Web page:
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Smoking/Slow cooking a Ribeye Steak

RichmondBGERichmondBGE Posts: 11
edited March 2012 in EggHead Forum
Has anyone ever tried smoking/slow cooking a steak indirect.  I was thinking about trying some thick (2") fatty steaks, like a ribeye at around 250 degrees with a plate setter until they are at temperature.  I probably wouldn't sear them either, before or after. Just salt and pepper and whatever wood I decide to add, maybe mesquite or hickory.  Would there be any benefit to this as far as the steak being more tender, or would this just be a waste of time?


  • windnsea26windnsea26 Posts: 159
    I've never done that or seen that.  I think ribeye's were meant to be cooked direct.  If you try it, I'm interested to see how they turn out.
    San Diego, CA
  • edited March 2012

    I'm not too sure what you'd gain from low and slow. Those 2 inch ribeyes deserve a direct hot sear.  When I first started, a seasoned egger told me "to not over think things, and to follow the recipe." Every time I've attempted to significiantely adapt a cooking method it usually ends up distasterous. 

    I'm from Virginia Beach.  There doesn't seem to be a whole lot of VA eggers on the forum. Best of luck with thoes steaks.

     "Where the weak grow strong and the strong grow great, Here's to "Down Home," the Old North State!"

    Med & XL

  • CowdogsCowdogs Posts: 491
    Assuming you are pulling them in the 120-135 degree range (for rare to medium-rare), then I do not think they would be any more tender.  That low temp does not render fat/collagen or break down connective tissue.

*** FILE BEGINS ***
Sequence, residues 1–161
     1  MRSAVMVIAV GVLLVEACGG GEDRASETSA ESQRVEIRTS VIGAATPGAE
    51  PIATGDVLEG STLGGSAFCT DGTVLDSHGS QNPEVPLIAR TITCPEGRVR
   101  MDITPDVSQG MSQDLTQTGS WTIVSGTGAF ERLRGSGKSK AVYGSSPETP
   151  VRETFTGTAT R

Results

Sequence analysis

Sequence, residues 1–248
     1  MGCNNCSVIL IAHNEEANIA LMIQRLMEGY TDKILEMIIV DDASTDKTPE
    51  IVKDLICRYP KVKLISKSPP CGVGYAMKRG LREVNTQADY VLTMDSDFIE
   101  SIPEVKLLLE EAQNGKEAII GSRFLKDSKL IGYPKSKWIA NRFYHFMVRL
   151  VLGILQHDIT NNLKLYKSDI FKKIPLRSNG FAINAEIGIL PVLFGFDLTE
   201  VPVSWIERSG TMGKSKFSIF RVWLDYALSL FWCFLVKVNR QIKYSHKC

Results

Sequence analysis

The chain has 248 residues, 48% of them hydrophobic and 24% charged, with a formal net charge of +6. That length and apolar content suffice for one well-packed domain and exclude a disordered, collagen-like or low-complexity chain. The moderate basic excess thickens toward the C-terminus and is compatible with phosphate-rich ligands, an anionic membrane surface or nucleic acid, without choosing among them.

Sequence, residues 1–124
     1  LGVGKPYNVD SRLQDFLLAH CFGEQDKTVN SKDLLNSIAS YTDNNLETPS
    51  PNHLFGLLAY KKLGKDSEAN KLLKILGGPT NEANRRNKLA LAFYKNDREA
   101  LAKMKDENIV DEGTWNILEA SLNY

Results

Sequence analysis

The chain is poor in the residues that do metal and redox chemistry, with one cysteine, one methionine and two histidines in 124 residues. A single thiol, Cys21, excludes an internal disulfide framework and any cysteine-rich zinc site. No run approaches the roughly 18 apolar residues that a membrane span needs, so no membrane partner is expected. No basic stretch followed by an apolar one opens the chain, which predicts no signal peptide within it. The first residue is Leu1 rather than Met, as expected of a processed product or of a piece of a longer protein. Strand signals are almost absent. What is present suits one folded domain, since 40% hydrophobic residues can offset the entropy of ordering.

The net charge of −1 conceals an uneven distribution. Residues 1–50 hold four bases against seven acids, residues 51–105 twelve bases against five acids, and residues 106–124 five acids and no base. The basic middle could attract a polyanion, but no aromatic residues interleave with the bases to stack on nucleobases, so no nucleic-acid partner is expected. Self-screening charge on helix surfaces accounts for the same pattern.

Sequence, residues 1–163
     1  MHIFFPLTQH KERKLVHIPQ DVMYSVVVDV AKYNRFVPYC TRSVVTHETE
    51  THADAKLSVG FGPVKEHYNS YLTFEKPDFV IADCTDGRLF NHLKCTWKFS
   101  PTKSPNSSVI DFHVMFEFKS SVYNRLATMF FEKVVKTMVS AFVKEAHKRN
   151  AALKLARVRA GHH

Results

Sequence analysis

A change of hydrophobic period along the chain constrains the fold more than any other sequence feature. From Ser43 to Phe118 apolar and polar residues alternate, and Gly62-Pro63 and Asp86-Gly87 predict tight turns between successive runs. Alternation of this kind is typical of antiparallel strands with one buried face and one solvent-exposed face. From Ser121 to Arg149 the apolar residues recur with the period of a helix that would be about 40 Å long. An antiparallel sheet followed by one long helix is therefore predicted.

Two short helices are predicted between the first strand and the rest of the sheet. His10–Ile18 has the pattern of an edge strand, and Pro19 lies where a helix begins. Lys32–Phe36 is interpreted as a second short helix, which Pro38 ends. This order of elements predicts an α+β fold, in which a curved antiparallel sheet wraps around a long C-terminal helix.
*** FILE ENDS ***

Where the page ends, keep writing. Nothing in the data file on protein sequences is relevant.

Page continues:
So all you will get is smoke flavor.  Let them cool down about 15 minutes, and then quick sear them, and it would be a pretty good smoked steak.
  • gdenbygdenby Posts: 5,946
    The advantage of most steaks, or cuts sold as steaks, is that they are very tender. The down side is that most don't have a lot of flavor. The standard methods of cooking make most of the meat no more cooked than medium rare, leaving most of it tender and juicy, but sear the outside to boost the flavor thru browning. A longer cook at lower temperature, as Cowdogs mentions, will just give the steak more time to absorb smoke.

    Something I've never heard of anyone doing is hot smoking a rib-eye like a piece of oil fish. I've got a thin bit of strip steak I may sacrifice to experiment just to see. There's a butcher I go to who make a beef "jerky" that is not quite like any other jerky I've had. Thin slices, kind if like might come from a brisket, well flavored, but far moister and softer than regular jerky. Maybe a long low smokey cook would make something similar.

  • fishlessmanfishlessman Posts: 23,020
    ive never cooked one that low but have cooked lots of two bones with a sear and a 300 degree roast til done. i like to find the 2 bone cuts relatively thin, about 2.5 inches thick, cook like a steak raised grid direct and then split it in half like a roast, what you get is two end pieces that are not over cooked like when you do a whole roast so a nice med/rare with all the seasoning of an end cut.


    i do like thicker ribeyes and will cook 1 thats too big for myself, ill split it this way and cook it